MANCHESTER, N.H. – Republican presidential candidate Mitt Romney sounded a pessimistic tone here Friday about the work of a congressional committee tasked with achieving long-term deficit reduction.
“I’m not terribly optimistic about the process of the supercommittee,” which has until Wednesday to come to agreement, Romney said. “I hope it works. We all do. But the reports that you get from reading the various journals is that they’re having a difficult time and that they may not come out with a satisfactory recommendation.”
In his most expansive comments of late on the supercommittee charged with trimming the nation’s deficit, Romney said that not reaching a deal would be “a Faustian bargain” because it would trigger what he called overly severe budget cuts to the Defense Department. “We’ll see hundreds of billions of dollars cut from military, at a very time that the world is not a safe place and where our military is engaged in conflict – an entirely unacceptable outcome.”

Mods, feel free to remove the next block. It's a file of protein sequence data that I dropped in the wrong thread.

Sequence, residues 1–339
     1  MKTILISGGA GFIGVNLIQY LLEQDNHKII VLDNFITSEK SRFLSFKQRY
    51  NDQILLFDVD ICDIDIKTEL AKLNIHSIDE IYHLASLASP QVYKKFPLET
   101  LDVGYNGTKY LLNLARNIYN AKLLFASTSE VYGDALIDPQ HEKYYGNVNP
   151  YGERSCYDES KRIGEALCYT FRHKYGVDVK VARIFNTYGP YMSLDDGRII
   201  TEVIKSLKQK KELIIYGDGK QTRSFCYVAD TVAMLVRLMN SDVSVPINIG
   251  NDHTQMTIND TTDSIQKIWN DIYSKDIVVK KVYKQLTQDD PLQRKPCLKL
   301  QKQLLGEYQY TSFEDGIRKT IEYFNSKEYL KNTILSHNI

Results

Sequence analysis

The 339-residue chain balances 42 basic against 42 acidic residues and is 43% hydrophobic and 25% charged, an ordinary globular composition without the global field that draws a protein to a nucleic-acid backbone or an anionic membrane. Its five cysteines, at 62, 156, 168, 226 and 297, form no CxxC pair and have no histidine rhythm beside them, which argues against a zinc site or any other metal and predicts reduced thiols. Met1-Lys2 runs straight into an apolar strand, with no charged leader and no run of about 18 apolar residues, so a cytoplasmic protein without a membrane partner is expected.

As he addressed more than 100 local business people at the Devine Millimet law firm in Manchester, N.H., Romney placed blame for the nation’s soaring federal debt on President Obama.
“Fifteen trillion dollars in debt. It’s an unthinkable number,” Romney said. “When the president was a senator, he considered the 9 trillion of debt in the nation something that was unacceptable -- unpatriotic. Nine trillion.”
“Now,” Romney said, “we have 15 trillion. He will add by the end of his first term almost as much debt of all the prior presidents combined. It is simply inexcusable for us to have this level of mounting debt year after year after year.”
Romney took questions on a range of subjects from several audience members. Responding to a question on health care, Romney referred to the Supreme Court decision this week to hear a challenge to the constitutionality of the Affordable Care Act.
He predicted that the court would overturn Obama’s signature health-care overhaul law.
“I happen to believe that the Supreme Court is going to strike down Obamacare, and if they don’t, I will repeal it,” Romney said, as the audience applauded. “I will repeal it if I’m president if they don’t strike it down. And maybe it will take a bit of both, meaning they might not strike down the whole thing, in which case parts will need to be repealed. And then I will do in my view what the Constitution intended, which is to give the states the responsibility for caring for their own uninsured.”